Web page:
Peace parleys: Wardak residents for give and take

Create: 07/07/2015 - 11:27

1. Civil society activist Ahmad Javed Siddiqui:
No doubt, peace is the need of the hour but our leaders are pursuing the process like a project. The officials concerned have not been sincere, knowing little about popular aspirations. 
2. Schoolteacher Abdur Rahman Hijran:
Reconciliation is a reciprocal gesture, involving give and take. Our peace council comprises individuals who are neither acceptable to the masses nor to the insurgents. How can they manage to bring about peace?
3. Government servant Mohammad Abed:
A nation known for quid pro quo and negotiations, the Afghans can talk out their issues. But the US and some meighbours are opposed to peace in our homeland, because stability will obviate the need for foreign meddling.
4. Shopkeeper Siffatullah:
We direly need security, whose absence has left us impoverished, displacement and helplessness. A bomb blast some years ago ruined our shops in Maidan Shahr some years ago.  This destruction would have been avoidable in peacetime.
5. Jalrez resident Adam Khan Hotak:
Peace is a blessing, for humans as well as animals. There have been propitious rains after fighting led to drought in the province.
6. Afghan Local Police member Gul Wali:
If there is no need for peace, why would I pick up weapons? War causes unemployment, forcing youth like me to drop out of school and take up jobs.
7. University student Ismatullah:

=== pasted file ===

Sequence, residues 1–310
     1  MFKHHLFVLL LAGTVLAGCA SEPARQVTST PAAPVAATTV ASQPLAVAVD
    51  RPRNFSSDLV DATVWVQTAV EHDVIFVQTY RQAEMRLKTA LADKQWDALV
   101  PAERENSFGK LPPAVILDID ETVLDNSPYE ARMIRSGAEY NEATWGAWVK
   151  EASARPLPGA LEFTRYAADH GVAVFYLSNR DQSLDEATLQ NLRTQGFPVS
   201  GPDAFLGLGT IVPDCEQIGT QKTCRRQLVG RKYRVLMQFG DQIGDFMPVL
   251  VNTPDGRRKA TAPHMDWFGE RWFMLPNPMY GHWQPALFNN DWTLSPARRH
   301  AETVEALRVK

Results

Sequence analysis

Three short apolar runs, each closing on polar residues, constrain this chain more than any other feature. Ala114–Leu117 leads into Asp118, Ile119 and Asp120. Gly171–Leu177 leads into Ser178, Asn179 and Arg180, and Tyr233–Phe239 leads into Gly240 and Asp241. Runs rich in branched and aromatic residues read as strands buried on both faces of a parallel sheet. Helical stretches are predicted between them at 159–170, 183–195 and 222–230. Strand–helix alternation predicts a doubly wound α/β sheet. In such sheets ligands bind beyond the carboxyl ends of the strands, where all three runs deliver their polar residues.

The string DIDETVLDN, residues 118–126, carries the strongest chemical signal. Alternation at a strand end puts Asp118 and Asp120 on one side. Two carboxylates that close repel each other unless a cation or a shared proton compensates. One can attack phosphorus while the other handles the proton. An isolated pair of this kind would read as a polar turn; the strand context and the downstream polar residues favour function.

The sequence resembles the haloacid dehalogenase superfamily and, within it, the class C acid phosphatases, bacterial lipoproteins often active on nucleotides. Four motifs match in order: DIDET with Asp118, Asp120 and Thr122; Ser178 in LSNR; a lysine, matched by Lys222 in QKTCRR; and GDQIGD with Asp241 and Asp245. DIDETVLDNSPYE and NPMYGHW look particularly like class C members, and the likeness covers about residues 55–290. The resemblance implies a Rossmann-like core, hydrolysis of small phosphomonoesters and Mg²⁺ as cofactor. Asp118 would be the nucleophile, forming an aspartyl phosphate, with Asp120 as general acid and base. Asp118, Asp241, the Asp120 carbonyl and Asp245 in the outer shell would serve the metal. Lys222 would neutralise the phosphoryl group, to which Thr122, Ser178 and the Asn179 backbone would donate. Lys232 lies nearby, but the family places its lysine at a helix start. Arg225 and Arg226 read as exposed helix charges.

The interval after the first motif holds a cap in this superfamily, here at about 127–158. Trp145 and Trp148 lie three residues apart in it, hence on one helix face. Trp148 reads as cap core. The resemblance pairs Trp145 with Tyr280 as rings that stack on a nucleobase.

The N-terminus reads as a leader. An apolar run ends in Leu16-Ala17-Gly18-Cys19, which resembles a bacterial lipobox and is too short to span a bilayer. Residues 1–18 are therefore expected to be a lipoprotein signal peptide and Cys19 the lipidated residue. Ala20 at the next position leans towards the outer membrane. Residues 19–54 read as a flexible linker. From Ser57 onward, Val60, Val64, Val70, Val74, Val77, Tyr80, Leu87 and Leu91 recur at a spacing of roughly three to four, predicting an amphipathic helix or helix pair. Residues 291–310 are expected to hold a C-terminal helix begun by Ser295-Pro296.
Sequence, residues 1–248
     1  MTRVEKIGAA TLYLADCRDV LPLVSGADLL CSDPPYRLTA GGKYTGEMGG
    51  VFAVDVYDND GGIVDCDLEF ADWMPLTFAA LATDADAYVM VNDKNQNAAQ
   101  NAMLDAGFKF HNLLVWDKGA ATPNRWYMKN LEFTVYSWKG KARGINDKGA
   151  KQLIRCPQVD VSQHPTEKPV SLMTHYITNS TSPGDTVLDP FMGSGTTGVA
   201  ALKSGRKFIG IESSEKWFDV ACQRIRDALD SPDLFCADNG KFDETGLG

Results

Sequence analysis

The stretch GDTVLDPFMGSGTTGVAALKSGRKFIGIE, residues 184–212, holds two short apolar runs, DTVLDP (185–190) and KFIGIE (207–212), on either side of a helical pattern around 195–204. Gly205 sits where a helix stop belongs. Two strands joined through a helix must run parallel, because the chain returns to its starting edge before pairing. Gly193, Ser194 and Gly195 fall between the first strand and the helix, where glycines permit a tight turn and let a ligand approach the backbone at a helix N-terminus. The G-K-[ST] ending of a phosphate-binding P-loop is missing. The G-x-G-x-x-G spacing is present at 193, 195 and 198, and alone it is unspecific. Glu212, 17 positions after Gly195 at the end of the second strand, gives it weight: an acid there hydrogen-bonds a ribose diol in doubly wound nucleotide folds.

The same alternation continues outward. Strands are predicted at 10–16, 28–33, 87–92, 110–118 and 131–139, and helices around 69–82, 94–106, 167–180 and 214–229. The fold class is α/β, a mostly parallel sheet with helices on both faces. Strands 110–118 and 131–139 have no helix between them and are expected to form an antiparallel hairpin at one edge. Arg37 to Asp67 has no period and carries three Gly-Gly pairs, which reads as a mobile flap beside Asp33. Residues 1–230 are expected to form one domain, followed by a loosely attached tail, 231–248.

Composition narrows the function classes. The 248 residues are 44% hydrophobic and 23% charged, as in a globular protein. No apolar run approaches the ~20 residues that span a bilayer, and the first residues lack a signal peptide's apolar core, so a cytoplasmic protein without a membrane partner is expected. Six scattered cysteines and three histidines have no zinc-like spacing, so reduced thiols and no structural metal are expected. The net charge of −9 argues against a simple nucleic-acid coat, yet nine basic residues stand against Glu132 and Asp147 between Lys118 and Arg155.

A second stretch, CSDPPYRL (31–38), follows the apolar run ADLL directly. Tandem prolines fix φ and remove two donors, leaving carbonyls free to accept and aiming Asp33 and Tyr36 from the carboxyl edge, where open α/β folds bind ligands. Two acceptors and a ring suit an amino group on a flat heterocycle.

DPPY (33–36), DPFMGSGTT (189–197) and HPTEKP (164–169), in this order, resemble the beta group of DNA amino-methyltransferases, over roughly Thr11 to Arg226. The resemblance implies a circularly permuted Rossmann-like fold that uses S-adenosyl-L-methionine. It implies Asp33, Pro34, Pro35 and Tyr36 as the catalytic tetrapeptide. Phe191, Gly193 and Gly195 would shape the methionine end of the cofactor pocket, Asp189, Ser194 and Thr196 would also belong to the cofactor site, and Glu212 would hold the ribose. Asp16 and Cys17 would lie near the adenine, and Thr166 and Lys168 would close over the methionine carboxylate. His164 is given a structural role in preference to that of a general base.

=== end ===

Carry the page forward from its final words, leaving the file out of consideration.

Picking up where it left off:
Peace has many benefits. Look at our province, where no reconstruction schemes have been executed in Jaghatu district. On the other hand, development projects have been enforced in Maidan Shahr, Behsud and Jalrez just because they are peaceful districts.. 
8. Behsud dweller Daud Hussaini:
All people demand peace, security and reconstruction. People would exchange more visits in the presence of stability that will enable youth to focus on education. One harrowing instance of terror happened recently in Jalrez. The provincial government is not sincere in restoring security.
9. Local reporter Najibullah Fikarman:
The peace process has been a big failure, costing a lot of money. The council is not manned by the right people. In our province, not even 10 fighters have joined the peace process. If this amount is paid to the insurgents, they will renounce violence.
10. Civil society activist and analyst Safiullah Amarkhel:
There are many hurdles to peace, as the situation in the region has been fluid. Residents were previously optimistic about peace but now the mood has become despondent. Good relations with China, Pakistan, Central Asian states and others are a positive policy. The stalled process has raised disturbing questions.
11. Schoolteacher Moska Mayar:
Women in our province have been deprived of basic facilities and the absence of peace has further complicated their plight. They can serve the nation, but their education needs peace. The number of girls’ schools in the province is too low because of insecurity.